Kometiani, P., Liu, L., and Askari, A. 2005. Digitalis‐induced signaling by Na+/K+‐ATPase in human breast cancer cells. Mol. Pharmacol. 67:929‐936. doi: 10.1124/mol.104.007302.
  Krohn, R. I. 2005. The colorimetric detection and quantitation of total protein. Curr. Protoc. Toxicol. 23:A.3I.1‐A.3I.28.
  La Colla, A., Boland, R., and Vasconsuelo, A. 2015. 17beta‐estradiol abrogates apoptosis inhibiting PKCdelta, JNK and p66Shc activation in C2C12 Cells. J. Cell Biochem. 116(7):1454‐65.
  Le, S., Connors, T.J., and Maroney, A.C. 2001. c‐Jun N‐terminal kinase specifically phosphorylates p66ShcA at serine 36 in response to ultraviolet irradiation. J. Biol. Chem. 276:48332‐48336.
  Lebiedzinska, M., Duszynski, J., Rizzuto, R., Pinton, P., and Wieckowski, M.R. 2009. Age‐related changes in levels of p66Shc and serine 36‐phosphorylated p66Shc in organs and mouse tissues. Arch. Biochem. Biophys. 486:73‐80. doi: 10.1016/j.abb.2009.03.007.
  Lebiedzinska, M., Karkucinska‐Wieckowska, A., Giorgi, C., Karczmarewicz, E., Pronicka, E., Pinton, P., Duszynski, J., Pronicki, M., and Wieckowski, M.R. 2010. Oxidative stress‐dependent p66Shc phosphorylation in skin fibroblasts of children with mitochondrial disorders. Biochim. Biophys. Acta 1797:952‐960. doi: 10.1016/j.bbabio.2010.03.005.
  Lebiedzinska, M., Karkucinska‐Wieckowska, A., Wojtala, A., Suski, J.M., Szabadkai, G., Wilczynski, G., Wlodarczyk, J., Diogo, C.V., Oliveira, P.J., Tauber, J., Jezek, P., Pronicki, M., Duszynski, J., Pinton, P., and Wieckowski, M.R. 2013. Disrupted ATP synthase activity and mitochondrial hyperpolarisation‐dependent oxidative stress is associated with p66Shc phosphorylation in fibroblasts of NARP patients. Int. J. Biochem. Cell Biol. 45:141‐150. doi: 10.1016/j.biocel.2012.07.020.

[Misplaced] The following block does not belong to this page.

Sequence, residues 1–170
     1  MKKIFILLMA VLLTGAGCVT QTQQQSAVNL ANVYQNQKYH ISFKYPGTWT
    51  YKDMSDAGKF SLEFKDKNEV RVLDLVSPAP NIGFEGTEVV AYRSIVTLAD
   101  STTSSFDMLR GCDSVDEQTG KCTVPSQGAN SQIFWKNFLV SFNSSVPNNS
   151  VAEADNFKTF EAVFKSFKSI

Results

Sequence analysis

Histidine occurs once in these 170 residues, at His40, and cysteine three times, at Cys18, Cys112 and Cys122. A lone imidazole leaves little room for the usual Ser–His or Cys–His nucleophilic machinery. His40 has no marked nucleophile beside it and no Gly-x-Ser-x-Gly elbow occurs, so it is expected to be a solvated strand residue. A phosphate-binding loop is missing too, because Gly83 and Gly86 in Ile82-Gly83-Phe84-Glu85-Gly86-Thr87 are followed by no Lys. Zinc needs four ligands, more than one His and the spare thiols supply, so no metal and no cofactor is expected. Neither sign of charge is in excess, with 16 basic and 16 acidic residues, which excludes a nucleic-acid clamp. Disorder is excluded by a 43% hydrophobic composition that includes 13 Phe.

Lee, M.S., Igawa, T., Chen, S.J., Van Bemmel, D., Lin, J.S., Lin, F.F., Johansson, S.L., Christman, J.K., and Lin, M.F. 2004. p66Shc protein is upregulated by steroid hormones in hormone‐sensitive cancer cells and in primary prostate carcinomas. Int. J. Cancer 108:672‐678. doi: 10.1002/ijc.11621.
  Lee, S.K., Chung, J.I., Park, M.S., Joo, H.K., Lee, E.J., Cho, E.J., Park, J.B., Ryoo, S., Irani, K., and Jeon, B.H. 2011. Apurinic/apyrimidinic endonuclease 1 inhibits protein kinase C‐mediated p66shc phosphorylation and vasoconstriction. Cardiovasc. Res. 91:502‐509. doi: 10.1093/cvr/cvr095.
  Li, X., Xu, Z., Du, W., Zhang, Z., Wei, Y., Wang, H., Zhu, Z., Qin, L., Wang, L., Niu, Q., Zhao, X., Girard, L., Gong, Y., Ma, Z., Sun, B., Yao, Z., Minna, J.D., Terada, L.S., and Liu, Z. 2014. Aiolos promotes anchorage independence by silencing p66Shc transcription in cancer cells. Cancer Cell 25:575‐589. doi: 10.1016/j.ccr.2014.03.020.
  Lunghi, B., De Cunto, G., Cavarra, E., Fineschi, S., Bartalesi, B., Lungarella, G., and Lucattelli, M. 2015. Smoking p66Shc knocked out mice develop respiratory bronchiolitis with fibrosis but not emphysema. PLoS ONE 10:e0119797. doi: 10.1371/journal.pone.0119797.